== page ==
Resembling a sawed-off section of stovepipe in black or PVC in white, the original Amazon Echo was the anti-smartphone. It operated tethered to an outlet, it was communal. And it was pre-pandemically touch-free if you didn’t care about muting its microphone. Unbound by a display, it inspired voice-driven variants that ranged in size from tiny rings to giant rigs.
Amazon and Google soon built out their own speaker portfolios. In 2017 Google rolled out a trio of speakers, including the $400 Google Home Max; a year later, Apple would return to home audio with its HomePod. In the smart speaker matchup, though, Amazon’s retail strength, which has helped it float fringe devices, proved an even greater asset for higher-end Echos. Last month, Google discontinued the Home Max, continuing its trend of winnowing down its device portfolio. In addition to scuttling more experimental products like the Clips camera, Google has bowed out of tablets and did not announce a new Pixelbook last fall, leaving the midrange Pixelbook Go as its most recent laptop offering.
On the other hand, all three major smart home ecosystem providers refreshed their standard-bearing smart speakers last fall, centering on a $99 sweet spot. Apple, which had been the most conservative in the category while moving Apple Music to competitor’s products, entered the sub-$100 segment with a HomePod mini at a quarter of the price of its first squat cylinder. Compared to last fall’s harvest of cute, affordable speakers, the Google Nest Max was a large, expensive product. Its boxy mass evoked the Sonos 5 (which, while still available from Sonos, has taken a backseat to the smaller, less expensive One series).
More significantly, though, for much less than the price and table space taken up by the Home Max, consumers can now purchase a smart display like the Nest Hub Max or Alexa Echo Show 10. For traditional smart speaker functions, these products add augmented information and feedback when they’re in your field of view, a limitation Amazon has sought to address with the rotating display of its flagship.
Beyond merely enhancing what smart speakers can do, though, these products have taken on new features that drive more engagement than the typical smart speaker interactions of requesting weather updates and summoning playlists. They can act as digital photo frames, security camera viewers, video chat clients, and even a place to catch a TV show or movie in a smaller room such as a kitchen. Indeed, smart displays may have finally achieved the 20-year-old quest to create a “kitchen computer” once pursued by HP with its Windows Vista-based TouchSmart PC and the 3Com Audrey internet appliance. And particularly among the larger devices, many of these features have required that these products maintain a level of audio quality comparable to their screen-free cousins.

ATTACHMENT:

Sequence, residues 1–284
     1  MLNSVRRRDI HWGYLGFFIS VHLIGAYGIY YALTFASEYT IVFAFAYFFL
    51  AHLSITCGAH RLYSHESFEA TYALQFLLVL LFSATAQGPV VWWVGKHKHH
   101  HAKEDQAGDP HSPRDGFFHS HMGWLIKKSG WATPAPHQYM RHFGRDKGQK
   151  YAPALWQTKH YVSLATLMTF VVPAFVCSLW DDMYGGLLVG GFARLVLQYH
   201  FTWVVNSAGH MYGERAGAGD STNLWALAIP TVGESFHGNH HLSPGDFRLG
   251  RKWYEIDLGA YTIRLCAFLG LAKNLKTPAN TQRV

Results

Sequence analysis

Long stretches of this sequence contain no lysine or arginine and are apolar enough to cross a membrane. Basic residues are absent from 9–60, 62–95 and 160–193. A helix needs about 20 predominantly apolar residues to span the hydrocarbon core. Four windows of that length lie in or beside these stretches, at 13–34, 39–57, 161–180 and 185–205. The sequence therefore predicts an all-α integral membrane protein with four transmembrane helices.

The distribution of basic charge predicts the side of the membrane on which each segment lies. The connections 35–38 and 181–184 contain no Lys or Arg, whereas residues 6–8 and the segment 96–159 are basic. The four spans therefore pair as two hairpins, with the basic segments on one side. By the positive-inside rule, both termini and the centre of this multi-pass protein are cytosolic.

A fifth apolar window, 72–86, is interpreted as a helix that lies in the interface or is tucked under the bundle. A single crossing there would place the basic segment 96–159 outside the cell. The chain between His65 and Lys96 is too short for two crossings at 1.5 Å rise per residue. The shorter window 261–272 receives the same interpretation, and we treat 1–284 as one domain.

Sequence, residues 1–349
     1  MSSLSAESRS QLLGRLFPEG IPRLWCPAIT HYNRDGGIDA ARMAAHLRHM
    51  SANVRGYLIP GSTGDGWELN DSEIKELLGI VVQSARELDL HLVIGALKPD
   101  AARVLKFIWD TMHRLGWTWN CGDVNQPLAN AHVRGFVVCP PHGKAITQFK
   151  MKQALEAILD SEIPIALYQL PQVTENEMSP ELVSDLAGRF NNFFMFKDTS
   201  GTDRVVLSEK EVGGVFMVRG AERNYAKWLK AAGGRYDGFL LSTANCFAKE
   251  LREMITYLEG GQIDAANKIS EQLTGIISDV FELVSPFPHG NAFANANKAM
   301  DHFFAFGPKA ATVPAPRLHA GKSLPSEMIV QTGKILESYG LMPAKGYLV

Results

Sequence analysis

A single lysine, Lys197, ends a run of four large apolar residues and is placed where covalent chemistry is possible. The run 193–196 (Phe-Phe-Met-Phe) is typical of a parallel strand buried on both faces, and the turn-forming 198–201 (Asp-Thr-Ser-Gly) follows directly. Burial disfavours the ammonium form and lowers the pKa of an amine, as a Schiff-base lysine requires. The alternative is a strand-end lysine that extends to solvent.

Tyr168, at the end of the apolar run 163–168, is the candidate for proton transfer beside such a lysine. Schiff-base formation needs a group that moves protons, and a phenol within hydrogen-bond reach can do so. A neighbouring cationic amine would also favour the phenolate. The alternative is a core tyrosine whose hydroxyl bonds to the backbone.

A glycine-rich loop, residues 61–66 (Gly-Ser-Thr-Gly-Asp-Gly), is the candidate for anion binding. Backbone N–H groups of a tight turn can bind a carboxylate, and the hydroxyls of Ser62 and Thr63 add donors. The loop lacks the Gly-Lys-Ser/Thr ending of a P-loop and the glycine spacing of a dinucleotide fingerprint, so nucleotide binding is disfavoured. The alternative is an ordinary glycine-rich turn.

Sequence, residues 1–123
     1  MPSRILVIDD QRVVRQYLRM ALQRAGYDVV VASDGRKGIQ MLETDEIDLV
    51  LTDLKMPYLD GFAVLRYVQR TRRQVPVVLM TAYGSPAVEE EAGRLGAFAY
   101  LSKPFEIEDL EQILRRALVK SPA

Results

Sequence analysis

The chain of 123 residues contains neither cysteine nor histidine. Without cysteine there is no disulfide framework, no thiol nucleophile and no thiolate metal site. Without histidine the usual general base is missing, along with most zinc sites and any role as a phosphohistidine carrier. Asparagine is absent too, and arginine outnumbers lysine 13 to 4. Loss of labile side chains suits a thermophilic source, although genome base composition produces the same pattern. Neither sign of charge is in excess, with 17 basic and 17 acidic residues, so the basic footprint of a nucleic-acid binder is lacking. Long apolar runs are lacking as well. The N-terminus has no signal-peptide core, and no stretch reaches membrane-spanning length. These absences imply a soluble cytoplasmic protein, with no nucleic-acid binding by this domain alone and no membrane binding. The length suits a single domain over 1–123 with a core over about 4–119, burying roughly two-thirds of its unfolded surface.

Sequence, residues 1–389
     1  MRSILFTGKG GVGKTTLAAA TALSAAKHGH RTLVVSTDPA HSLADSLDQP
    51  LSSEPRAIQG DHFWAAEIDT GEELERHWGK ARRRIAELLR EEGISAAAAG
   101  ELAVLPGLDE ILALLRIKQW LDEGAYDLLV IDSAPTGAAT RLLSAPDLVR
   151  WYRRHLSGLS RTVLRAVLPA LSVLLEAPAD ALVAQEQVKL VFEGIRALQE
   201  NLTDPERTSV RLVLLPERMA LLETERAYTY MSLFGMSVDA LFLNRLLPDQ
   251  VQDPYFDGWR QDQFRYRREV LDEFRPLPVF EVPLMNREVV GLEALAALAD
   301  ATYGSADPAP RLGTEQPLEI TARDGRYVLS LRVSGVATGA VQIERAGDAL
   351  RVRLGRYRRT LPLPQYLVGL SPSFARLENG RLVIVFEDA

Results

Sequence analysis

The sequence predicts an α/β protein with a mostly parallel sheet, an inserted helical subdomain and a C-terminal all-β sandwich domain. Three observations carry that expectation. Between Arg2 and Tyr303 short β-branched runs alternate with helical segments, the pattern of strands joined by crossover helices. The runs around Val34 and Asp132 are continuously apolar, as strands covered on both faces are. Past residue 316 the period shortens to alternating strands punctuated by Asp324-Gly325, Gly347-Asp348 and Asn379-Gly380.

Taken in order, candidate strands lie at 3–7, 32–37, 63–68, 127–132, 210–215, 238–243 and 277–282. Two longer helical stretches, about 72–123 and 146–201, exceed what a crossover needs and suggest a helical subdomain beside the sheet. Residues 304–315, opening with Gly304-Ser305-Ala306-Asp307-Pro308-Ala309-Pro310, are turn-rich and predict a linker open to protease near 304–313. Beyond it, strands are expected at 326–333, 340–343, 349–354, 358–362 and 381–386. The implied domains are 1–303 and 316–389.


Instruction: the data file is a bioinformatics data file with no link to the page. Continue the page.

In addition to pressing into rooms that might not have had much space dedicated to electronics, smaller smart displays have displaced home staples such as bedside clocks. This is particularly true for the smallest of the displays such as Amazon’s Echo Show 5 and Lenovo Smart Clock as well as those products with the simplest of displays, an LED-based clock face. These include Amazon’s Echo Dot with Clock, which, as Amazon noted at its fall launch, is its most popular model, as well as Lenovo’s Smart Clock Essential, one of the least expensive smart speakers you can purchase at less than $25.
As last fall’s launches showed, smart speakers aren’t disappearing any time soon. For the more privacy-minded, for example, the fear of a smart speaker surreptitiously recording conversations may pale in comparison to having one surreptitiously record video via the cameras some smart displays include. But the value gap such speakers have with smart displays is part of a broader challenge as voice interfaces expand into an ever-broader array of products.
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